First; the question is rhetorical, I have an answer! I have gotten so much help from looking here that I wanted to give this neat trick back.

Imagine that you have a value that you want to bind to, but it is somehow or somewhat wrong.

  • I had a situation where I wanted to bind to a value, but when the value was 1, I needed 0, and vice-versa.
  • There was a time when I wanted to bind the width of an element to the width of a parent - 68px.
  • 1
    Nice broad-use idea for a converter. I'll keep this idea in mind. Most of the math that I've ever needed to do on bound values can be done using this one converter. My experience is in calling these either a linear transformation function or a first degree polynomial. I probably would name it a LinearTransformConverter. – Alain Feb 11 '11 at 14:35
  • 3
    You should post the answer as an actual answer instead of including it in the question. – H.B. Feb 11 '11 at 14:36
  • It's also called "first degree function" in French... Well, everywhere, I guess :-D – Emmanuel Feb 11 '11 at 15:00
  • Clever, but in most cases if you're using a value converter instead of view model logic you're probably making a mistake of some kind. There are certainly plenty of exceptions to this (I'm sure, for instance, that there exist credible use cases for not having a view model, though I haven't seen one). But my feeling is that value converters in general are a hack for injecting code into XAML, which makes this a hack for injecting code into a hack. – Robert Rossney Feb 11 '11 at 19:39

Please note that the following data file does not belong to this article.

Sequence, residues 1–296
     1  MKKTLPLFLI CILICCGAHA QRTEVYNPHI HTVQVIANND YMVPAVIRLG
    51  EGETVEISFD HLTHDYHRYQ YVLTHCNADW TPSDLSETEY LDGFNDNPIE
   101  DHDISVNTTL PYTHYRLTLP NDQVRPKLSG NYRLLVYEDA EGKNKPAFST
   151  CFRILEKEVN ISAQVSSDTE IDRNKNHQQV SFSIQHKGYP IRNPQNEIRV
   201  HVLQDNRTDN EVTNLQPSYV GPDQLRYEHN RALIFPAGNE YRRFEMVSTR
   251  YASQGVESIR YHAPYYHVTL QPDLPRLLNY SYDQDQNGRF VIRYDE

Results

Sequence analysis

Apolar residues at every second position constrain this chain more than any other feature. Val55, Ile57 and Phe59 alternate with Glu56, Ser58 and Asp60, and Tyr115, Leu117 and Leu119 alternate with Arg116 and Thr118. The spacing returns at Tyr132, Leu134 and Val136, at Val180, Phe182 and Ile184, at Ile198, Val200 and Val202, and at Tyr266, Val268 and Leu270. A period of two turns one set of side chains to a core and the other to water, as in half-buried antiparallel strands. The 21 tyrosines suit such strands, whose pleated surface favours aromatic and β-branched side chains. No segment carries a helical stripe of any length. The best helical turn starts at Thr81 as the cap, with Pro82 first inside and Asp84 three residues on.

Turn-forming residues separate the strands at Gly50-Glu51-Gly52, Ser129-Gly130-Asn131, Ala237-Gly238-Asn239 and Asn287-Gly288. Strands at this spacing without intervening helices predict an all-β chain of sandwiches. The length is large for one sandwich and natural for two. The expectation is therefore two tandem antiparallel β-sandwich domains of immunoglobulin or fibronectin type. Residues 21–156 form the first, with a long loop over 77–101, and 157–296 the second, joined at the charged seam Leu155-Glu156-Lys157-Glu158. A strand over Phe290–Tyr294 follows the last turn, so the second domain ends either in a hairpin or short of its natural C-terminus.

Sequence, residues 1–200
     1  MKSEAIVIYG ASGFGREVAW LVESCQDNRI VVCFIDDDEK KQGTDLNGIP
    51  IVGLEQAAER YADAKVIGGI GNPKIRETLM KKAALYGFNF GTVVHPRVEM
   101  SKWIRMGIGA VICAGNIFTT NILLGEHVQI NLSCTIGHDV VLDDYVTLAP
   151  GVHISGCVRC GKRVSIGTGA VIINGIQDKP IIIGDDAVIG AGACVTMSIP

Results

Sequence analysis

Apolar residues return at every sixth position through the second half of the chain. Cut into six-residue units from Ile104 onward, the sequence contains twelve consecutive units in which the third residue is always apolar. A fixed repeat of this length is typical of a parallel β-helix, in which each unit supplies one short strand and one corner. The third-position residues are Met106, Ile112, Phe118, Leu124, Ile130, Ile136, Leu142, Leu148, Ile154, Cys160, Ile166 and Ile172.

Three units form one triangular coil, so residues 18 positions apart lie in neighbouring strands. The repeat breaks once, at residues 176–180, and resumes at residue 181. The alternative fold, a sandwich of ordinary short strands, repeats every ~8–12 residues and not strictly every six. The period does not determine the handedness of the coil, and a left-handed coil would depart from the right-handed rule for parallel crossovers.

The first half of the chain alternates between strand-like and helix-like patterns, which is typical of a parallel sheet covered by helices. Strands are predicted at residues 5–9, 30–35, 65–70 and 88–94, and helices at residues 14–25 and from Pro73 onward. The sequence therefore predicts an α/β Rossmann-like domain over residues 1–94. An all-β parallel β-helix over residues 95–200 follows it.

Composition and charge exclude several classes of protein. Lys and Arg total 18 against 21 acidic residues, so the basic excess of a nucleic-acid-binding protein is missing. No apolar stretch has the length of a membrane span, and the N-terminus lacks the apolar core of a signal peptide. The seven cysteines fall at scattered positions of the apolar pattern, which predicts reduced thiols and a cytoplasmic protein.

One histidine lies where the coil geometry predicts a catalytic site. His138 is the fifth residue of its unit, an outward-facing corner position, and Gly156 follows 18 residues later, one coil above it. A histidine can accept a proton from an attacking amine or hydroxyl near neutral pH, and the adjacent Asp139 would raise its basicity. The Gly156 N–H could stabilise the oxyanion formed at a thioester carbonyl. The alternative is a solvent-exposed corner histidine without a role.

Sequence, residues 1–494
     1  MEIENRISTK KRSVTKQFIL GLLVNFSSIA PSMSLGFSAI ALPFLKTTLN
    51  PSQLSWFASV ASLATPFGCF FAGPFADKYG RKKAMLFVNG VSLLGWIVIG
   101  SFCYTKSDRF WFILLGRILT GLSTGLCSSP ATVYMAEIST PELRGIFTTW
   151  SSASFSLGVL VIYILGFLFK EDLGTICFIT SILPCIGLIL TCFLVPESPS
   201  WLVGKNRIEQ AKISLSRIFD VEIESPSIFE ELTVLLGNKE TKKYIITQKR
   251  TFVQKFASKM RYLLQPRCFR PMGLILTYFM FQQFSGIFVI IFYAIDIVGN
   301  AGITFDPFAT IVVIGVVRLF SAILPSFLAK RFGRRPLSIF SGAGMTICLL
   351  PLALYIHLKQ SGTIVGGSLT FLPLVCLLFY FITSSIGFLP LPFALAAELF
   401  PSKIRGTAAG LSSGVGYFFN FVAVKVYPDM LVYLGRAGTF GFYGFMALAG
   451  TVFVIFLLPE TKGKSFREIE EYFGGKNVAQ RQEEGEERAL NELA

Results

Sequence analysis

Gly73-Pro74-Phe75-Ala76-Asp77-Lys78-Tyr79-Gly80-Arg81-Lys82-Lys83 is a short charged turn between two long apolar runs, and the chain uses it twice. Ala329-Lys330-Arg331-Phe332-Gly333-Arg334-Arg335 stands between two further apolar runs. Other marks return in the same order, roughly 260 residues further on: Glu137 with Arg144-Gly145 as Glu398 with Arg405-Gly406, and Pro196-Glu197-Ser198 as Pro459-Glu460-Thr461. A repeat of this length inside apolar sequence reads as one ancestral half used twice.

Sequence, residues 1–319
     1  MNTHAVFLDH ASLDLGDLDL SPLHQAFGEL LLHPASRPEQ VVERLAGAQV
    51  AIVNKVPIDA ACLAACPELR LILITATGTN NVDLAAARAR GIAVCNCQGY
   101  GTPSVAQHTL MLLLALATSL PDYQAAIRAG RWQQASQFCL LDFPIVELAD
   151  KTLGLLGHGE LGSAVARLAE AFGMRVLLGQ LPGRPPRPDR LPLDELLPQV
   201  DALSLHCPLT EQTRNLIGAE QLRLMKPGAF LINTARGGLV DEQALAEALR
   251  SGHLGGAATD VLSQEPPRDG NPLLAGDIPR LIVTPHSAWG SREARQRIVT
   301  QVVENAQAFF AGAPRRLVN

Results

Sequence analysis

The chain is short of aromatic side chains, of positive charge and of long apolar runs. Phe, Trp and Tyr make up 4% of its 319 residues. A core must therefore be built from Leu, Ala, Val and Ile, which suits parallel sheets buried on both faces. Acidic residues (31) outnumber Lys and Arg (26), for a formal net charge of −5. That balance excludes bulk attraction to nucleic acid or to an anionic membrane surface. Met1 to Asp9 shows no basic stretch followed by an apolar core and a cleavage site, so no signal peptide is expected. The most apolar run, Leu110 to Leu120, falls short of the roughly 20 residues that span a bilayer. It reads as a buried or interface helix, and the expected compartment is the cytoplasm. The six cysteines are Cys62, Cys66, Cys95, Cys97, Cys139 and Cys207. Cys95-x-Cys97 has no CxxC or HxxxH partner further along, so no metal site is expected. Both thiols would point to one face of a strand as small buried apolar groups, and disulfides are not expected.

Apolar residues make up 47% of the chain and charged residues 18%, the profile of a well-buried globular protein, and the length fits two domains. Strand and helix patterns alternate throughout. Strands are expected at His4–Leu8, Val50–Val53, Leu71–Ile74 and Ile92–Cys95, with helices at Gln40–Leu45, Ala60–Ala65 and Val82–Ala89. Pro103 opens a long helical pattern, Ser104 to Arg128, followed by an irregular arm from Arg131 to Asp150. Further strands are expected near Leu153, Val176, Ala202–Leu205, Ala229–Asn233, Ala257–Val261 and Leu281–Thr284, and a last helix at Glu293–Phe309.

• I realize its 8 years later, so perhaps clearer now, but I'll say it anyway: @RobertRossney - I strongly disagree. The principle "don't inject code into XAML" is more correctly stated "don't mix business/modeling logic with presentation logic". GUI systems that involve expressions, and even constraints, are 100% valid and appropriate - as long as the calculations are strictly for display purposes. The "limited" situation, where people end up doing those display-only calculations in their view model, because that is easier, is what is wrong. – ToolmakerSteve Dec 7 '19 at 9:54

Enter the FirstDegreeFunctionConverter:

using System;
using System.Collections.Generic;
using System.Linq;
using System.Text;
using System.Windows.Data;

namespace GenericWPF
    /// <summary>
    /// Will return a*value + b
    /// </summary>
    public class FirstDegreeFunctionConverter : IValueConverter
        public double A { get; set; }
    public double B { get; set; }

    #region IValueConverter Members

    public object Convert( object value, Type targetType, object parameter, System.Globalization.CultureInfo culture )
        double a = GetDoubleValue( parameter, A );

        double x = GetDoubleValue( value, 0.0 );

        return ( a * x ) + B;

    public object ConvertBack( object value, Type targetType, object parameter, System.Globalization.CultureInfo culture )
        double a = GetDoubleValue( parameter, A );

        double y = GetDoubleValue( value, 0.0 );